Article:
So to recap and in semantics, Google really wants to throw a big party with Google +. But for any good party to happen, you need to invite people to the party. Lots of people.
Think viral Google. Think Circles. Otherwise the product will plateau.
Originally published on August 04, 2011
Google + has been running in Beta mode for a while now. I got on the Beta back in June and started tinkering with the platform. My very first reaction could simply be expressed with the term “tabula rasa”. Google is going with blank slate strategy here. They are not trying too hard. In fact they are not trying at all. Google is not new to the social networking phenomenon. They’ve had orkut running for a number of years now and I am sure they’ve learned a lot from that experience.
Well, this blog post is not an actual review of Google +, as I am still waiting for them to keep on adding new features to it. Speaking of which, I had an idea for Google +, well a couple really and I thought I’d share. It has to do with the design component of how the contacts are displayed. Right now the system would just flat out display the contacts that you have in your circles. This approach has a couple of major drawbacks:
Just to recap, 1) bringing enriched data 2) using existing data at your disposal (gmail, blogger, buzz and other feeds coming into buzz) 3) monitoring the frequency and recency of message exchange between two or more entities and 4) being able to build some kind of metrics leveraging analytics is the key piece here. The important thing to remember is to not use a brute-force mechanism to be able to do this. But rather, the system would notice that the user has logged in. They have interacted with this and that individual during the course of the past xx days. Okay, let’s suggest this person to this individual based on these metrics. Food for thought for the Google plus team.
Originally posted on June 7, 2011 …..LinkedIn is trading at 70 odd bucks. Technical/Stock analysis is not my forte. But it appears to be that the company and the stock could go either of the two ways:
Also, the influx of new capital will start showing results. It already has. There is a Linkedin Sharing option appearing on a majority of the websites. Sharing through linkedin will soon go viral = virality means more subscribers.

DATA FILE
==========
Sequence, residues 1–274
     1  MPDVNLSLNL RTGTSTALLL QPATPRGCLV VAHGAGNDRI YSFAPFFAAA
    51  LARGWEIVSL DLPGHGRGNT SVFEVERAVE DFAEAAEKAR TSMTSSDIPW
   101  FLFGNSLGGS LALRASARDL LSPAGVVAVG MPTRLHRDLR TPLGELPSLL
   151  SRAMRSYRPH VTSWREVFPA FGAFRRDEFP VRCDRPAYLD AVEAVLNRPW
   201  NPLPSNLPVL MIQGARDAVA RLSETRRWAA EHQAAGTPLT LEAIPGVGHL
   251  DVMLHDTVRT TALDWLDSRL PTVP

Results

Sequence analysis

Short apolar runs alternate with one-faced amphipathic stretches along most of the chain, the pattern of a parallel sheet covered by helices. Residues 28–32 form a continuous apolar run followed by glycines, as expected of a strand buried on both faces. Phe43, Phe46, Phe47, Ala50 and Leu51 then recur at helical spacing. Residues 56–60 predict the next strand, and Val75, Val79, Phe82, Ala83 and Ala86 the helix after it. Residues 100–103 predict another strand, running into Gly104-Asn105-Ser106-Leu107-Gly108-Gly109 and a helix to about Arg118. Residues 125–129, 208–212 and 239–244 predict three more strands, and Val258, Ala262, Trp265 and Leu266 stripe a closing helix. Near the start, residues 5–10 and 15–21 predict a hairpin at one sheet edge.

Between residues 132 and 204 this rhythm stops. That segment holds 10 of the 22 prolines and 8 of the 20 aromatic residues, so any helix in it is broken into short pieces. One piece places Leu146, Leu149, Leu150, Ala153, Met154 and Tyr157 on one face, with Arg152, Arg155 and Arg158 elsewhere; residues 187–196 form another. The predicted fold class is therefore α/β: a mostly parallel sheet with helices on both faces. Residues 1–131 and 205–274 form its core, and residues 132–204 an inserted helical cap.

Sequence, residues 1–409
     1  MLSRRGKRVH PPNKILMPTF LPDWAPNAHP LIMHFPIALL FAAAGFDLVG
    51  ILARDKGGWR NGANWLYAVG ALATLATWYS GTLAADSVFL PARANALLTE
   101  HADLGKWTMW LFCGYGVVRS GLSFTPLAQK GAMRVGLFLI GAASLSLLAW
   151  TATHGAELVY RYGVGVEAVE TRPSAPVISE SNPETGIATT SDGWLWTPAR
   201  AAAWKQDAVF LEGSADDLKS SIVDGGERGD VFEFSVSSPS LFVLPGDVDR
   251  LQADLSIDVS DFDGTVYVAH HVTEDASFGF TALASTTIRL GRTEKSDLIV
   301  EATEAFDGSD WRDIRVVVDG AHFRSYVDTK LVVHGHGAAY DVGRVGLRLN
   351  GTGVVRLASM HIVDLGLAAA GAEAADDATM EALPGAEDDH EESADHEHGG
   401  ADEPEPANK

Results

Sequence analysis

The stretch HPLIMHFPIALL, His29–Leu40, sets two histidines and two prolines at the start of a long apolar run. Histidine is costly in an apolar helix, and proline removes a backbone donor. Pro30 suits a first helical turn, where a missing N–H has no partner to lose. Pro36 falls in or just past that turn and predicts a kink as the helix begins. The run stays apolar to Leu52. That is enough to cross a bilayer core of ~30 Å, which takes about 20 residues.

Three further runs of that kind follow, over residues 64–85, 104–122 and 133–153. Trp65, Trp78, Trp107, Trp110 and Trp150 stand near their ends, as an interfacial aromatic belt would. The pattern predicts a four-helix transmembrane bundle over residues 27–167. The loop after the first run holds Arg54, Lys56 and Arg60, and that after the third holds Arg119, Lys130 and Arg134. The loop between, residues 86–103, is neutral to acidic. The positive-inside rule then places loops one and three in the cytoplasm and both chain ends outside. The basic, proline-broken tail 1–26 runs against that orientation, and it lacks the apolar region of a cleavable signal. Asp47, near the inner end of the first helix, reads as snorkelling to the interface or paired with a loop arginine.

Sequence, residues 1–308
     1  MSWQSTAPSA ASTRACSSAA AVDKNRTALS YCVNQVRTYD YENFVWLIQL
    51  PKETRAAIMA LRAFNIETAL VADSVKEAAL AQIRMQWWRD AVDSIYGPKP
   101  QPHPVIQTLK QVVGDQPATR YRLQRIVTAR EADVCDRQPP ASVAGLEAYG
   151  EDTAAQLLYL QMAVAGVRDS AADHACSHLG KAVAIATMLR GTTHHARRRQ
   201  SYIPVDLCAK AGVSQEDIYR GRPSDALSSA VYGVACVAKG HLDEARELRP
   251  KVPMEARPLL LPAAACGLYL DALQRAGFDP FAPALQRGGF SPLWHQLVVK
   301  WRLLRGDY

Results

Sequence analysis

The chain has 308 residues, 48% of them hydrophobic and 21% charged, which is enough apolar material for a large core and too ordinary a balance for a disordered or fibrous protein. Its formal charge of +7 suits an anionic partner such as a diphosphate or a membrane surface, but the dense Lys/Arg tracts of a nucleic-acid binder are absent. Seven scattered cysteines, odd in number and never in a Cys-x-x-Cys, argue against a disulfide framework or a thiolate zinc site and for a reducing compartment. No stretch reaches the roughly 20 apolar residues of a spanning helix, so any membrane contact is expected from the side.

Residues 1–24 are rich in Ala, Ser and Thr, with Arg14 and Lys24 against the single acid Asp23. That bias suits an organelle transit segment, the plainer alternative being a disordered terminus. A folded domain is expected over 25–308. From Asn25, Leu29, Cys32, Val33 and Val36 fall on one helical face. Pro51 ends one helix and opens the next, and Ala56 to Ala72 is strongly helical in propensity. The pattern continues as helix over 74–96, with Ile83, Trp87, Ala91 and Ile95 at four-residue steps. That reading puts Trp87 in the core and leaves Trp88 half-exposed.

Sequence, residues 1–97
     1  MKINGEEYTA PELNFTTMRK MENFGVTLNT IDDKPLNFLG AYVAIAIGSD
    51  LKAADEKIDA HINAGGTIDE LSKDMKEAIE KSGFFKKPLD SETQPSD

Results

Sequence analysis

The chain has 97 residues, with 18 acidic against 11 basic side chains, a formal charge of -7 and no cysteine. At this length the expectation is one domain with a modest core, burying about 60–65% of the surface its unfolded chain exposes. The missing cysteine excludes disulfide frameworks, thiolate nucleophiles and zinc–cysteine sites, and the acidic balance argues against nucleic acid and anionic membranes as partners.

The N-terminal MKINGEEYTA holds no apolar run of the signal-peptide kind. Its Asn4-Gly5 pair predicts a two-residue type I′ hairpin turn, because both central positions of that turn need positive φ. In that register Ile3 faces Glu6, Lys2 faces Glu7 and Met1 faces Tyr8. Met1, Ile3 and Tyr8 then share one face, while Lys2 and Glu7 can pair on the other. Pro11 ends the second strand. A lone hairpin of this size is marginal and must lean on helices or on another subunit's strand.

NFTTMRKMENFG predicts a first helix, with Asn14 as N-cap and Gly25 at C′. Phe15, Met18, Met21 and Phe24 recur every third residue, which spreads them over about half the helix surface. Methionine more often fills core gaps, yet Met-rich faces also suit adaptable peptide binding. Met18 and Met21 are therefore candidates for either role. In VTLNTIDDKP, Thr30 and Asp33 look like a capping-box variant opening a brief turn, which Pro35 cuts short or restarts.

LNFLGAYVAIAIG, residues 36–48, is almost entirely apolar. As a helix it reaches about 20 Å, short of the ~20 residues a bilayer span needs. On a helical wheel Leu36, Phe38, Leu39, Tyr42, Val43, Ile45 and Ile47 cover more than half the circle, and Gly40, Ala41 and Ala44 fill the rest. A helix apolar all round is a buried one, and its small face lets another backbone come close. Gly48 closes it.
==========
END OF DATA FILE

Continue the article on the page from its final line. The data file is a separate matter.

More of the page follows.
Revenue streams. Lots of room to grow here. Ads, job posting by employers, apps (new and upcoming) e.t.c. Also don’t forget their subscription model. Even if 5% of their 100 million user sign up for the most basic of the paid subscriptions that is 100 millions $ in revenue just from paid subscription alone! (5 mill * 20$ for the basic business package). That's 100 mill per month. So maybe their billion $ ++ evaluation was not that far-fetched.
But then again, it probably won’t be 5% of their user base signing up for a paid mechanism. More like 1 to max 2%. It’s still a good chunk of change. And they are leveraging these other mechanisms to get the user (different types of users) to pay more. Soon you will also have all major corporations coming to these guys to buy customer specific data off of them. Same way FB is doing. That’s a cash cow for Linkedin as 95% of their user base comprises of professionals. Marketeers are going to flock to them in order to be able to build better customer profiles. So you can see it’s only beginning to LNKD. I think they are going to conjure up effective ways of building and launching viral campaigns. Their goal will be to become the de facto professional grade social networking platform. And viral campaigns are the way to do that quickly and effectively. So you saw the “share” button or whatever they call it. Their goal will be to go from 120 mill to 200 and then 300 mill relatively quickly. When that happens, companies start focusing on growth and it takes their focus away from innovation. Twitter is a prime example here. Something Evan Williams admitted to recently. I don’t know if the same wil occur with Linkedin. But it doesn’t have a menacing competitor over the horizon. Bottom line if you ask me, the stock is going to drop.(I stand corrected as the stock shot up 7% the very next day)
But the potential for the LNKD as an enterprise is huge. Best amongst all social networks (for investors).
Originally posted on January 17, 2011